You are here

Gemini-South's Near-Infrared Spectrograph Gets 3-D vision

Content has no owner

The new GNIRS Integral Field Unit (IFU) arrived on Cerro Pachón (Gemini South) in February in a deceptively small package. The new IFU is about the size of a large paperback, but contains some 66 miniature optical elements. Designed and built by the University of Durham (UK), the IFU fits in the GNIRS slit slide mechanism, providing an alternative input "aperture" to the variety of traditional slit masks that feed the long-slit and cross-dispersed configurations of the instrument. With the IFU in the optical path, a 2-dimensional input field of roughly 3” x 5” is divided into 21 slices of 0.15” x 4.9” each. Then these are arranged end-to-end to form a pseudo-slit that is dispersed by one of the spectrograph's three gratings as if it was a normal long-slit. This gives GNIRS the ability to form spectra of each 0.15” x 0.15” sample over the entire field without gaps.

Schematic of the GNIRS IFU showing key elements highlighted in the accompanying text.


Unlike the IFUs built for both Gemini Multi-Object Spectrographs by the same Durham group, the GNIRS IFU dispenses with optical fibers (each GMOS IFU has 1500 fibers*), in favor of a complex set of multifaceted optics which split the field into 21 slices. Each slice requires a chain of three mirror facets (see illustrations):

  1. the slicing mirror itself (S1) which sends the light from each piece of sky off at a different angle;
  2. a pupil mirror (S2) which re-images the slice onto the pseudo-slit, and;
  3. a slit mirror (S3) which re-images the pupil (itself re-imaged by S1 onto S2) onto the spectrograph pupil stop.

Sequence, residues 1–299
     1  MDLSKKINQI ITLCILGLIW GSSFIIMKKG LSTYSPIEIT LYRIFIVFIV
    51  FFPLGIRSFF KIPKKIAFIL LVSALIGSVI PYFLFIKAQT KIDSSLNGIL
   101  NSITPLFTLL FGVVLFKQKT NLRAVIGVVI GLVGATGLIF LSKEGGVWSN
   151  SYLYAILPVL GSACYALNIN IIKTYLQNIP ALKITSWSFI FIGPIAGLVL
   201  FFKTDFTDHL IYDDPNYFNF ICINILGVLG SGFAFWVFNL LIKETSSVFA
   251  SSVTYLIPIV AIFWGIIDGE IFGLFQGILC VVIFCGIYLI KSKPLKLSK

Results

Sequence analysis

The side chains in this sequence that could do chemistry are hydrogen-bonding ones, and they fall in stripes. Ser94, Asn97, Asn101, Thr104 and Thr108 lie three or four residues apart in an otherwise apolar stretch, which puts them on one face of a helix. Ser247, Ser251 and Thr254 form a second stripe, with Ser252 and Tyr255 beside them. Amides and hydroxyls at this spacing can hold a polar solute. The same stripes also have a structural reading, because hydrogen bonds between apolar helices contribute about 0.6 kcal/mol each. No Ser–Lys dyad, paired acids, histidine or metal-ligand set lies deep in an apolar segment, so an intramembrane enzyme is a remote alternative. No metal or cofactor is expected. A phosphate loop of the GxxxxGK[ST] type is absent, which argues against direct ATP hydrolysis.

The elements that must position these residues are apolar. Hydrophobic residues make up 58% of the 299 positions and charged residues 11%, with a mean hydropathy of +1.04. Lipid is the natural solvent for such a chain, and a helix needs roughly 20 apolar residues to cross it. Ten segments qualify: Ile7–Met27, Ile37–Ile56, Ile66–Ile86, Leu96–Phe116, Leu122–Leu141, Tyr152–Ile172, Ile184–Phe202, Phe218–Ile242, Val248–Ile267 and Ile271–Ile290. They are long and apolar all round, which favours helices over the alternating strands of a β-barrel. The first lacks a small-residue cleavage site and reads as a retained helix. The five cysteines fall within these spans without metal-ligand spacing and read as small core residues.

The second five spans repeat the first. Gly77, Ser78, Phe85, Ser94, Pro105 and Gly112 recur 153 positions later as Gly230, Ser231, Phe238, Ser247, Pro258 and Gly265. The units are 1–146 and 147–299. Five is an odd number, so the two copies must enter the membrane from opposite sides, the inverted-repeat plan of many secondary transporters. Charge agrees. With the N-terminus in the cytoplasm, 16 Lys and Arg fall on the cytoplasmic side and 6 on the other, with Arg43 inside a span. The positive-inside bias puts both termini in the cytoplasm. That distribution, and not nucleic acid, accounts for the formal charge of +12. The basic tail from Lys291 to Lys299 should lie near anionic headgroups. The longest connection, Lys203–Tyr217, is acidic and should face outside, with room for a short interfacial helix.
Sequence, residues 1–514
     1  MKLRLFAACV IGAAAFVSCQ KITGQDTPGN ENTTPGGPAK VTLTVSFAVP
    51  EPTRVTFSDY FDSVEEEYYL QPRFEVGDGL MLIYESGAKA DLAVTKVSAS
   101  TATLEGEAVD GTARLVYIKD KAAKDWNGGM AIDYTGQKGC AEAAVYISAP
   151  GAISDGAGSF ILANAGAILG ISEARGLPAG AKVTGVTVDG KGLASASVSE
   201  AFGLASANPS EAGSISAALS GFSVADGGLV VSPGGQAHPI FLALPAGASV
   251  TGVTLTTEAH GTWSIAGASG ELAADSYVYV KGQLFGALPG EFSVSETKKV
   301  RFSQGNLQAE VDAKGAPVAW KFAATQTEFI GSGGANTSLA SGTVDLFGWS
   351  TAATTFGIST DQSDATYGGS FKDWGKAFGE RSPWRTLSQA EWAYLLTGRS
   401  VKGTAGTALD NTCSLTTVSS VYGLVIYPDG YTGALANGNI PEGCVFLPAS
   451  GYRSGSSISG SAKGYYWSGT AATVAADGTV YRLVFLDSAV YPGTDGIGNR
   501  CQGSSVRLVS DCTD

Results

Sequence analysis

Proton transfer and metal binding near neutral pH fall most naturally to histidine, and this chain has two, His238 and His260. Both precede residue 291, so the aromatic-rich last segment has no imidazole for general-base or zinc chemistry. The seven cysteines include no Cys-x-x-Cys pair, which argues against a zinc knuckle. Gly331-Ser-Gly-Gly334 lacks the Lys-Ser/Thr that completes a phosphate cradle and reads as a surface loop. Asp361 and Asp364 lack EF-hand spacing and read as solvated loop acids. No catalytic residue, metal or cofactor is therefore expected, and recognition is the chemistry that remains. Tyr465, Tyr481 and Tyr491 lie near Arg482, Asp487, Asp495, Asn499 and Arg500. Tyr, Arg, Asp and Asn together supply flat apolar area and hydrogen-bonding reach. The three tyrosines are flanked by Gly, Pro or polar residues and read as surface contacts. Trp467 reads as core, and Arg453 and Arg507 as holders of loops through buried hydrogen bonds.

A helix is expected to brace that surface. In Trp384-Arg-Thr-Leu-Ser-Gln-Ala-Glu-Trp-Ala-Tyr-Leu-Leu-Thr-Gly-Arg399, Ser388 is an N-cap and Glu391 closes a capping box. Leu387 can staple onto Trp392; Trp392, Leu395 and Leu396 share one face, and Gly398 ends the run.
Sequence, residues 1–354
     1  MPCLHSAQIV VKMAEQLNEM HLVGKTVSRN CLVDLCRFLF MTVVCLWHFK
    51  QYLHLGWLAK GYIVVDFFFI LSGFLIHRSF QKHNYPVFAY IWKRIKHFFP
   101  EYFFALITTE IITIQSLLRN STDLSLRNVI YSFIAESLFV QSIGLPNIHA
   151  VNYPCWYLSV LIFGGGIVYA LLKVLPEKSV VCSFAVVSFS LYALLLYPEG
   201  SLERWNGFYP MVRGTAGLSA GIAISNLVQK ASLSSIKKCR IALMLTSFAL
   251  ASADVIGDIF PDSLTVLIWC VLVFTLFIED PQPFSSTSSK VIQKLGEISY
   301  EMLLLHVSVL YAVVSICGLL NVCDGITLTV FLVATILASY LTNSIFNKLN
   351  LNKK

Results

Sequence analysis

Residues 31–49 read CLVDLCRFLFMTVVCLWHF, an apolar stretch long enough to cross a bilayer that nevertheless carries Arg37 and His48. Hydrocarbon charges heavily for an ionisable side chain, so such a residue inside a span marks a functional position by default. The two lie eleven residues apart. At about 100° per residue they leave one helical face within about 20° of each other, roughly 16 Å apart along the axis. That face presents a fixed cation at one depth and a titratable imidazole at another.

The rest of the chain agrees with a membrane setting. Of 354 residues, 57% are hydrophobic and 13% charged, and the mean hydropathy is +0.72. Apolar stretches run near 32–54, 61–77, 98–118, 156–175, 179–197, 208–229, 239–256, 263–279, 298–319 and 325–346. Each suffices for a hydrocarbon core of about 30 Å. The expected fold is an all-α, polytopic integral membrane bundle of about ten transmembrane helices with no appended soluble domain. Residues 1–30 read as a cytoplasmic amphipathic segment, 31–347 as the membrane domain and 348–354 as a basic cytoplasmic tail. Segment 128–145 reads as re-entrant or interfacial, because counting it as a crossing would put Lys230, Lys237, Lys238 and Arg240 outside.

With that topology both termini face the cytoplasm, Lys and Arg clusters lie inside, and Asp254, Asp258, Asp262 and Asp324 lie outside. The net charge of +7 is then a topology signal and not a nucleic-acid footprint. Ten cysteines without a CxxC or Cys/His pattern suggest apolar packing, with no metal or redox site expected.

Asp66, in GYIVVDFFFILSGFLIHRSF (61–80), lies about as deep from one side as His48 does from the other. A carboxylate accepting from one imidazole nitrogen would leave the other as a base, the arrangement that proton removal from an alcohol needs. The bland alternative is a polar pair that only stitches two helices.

The GNIRS IFU installed showing key elements discussed in the text

The ability of each mirror to form images makes it possible to adapt the system to an existing beam-fed spectrograph design, unlike its pioneering predecessor - the 3D instrument devised by the Max-Planck-Institute for Extraterrestrial Physics (MPE, Munich) -- which uses flat optics. The versatility, compact size and high performance of the Advanced Image Slicer**  comes at the price of requiring tiny, close-packed optics with precisely shaped, ultra-smooth surfaces. This complexity was the major challenge facing the Durham team.  Their solution was to diamond-turn each of the 21 optical surfaces required in every stage on the same aluminum substrate.  This technique greatly reduced the problem of alignment since the special process places each facet correctly relative to its neighbors. Furthermore, the all-metal, monolithic construction means that the system remains aligned at the cryogenic temperatures inside the GNIRS cryostat where it is located. For extra efficiency, the optics are also gold-coated.

The GNIRS IFU was installed in GNIRS while it was in the instrument lab on Cerro Pachón in mid-March by a joint team from Durham  and NOAO-Tucson together with Gemini engineers and scientists.  It was immediately clear that all of the fabrication team's hard work had paid off when the installation went very smoothly and the IFU fit perfectly on the first try.  Proper alignment and co-focality with the slit mask were confirmed while the instrument was still in the lab.  The newly enhanced GNIRS was returned to the telescope in early April and was ready for its first commissioning run on April 6-11, 2004.   

Estimates of the throughput of the IFU relative to that of a matched long-slit are 90%, 80%, 73% and 66% at K, H, J and X (~1 um) respectively averaged over each band, confirming the theoretical expectation based on the optical surface quality measured in the lab. The wavelength dependency is expected since surface scattering off the various mirror surfaces is the dominant loss mechanism.  A complex series of baffles ensures that the scattered light does not reach the detector.

Scientific commissioning to establish the limiting performance included diverse targets such as the Galactic center, bipolar planetary nebulae and ultra-luminous IR galaxies implicated in recent mergers.  For example, the twin nuclei of NGC 6240 reveal a clear kinematic signature and a strong velocity shear near the supermassive black hole at the center of our galaxy was clearly observed with the GNIRS IFU.

GNIRS IFU will be offered to the user commuinty in semester 2005A.

* J. Allington-Smith et al. 2002, PASP, 114, 892

** Content, R., 1997. Proc. SPIE, 2871, 1295

News Archive Filter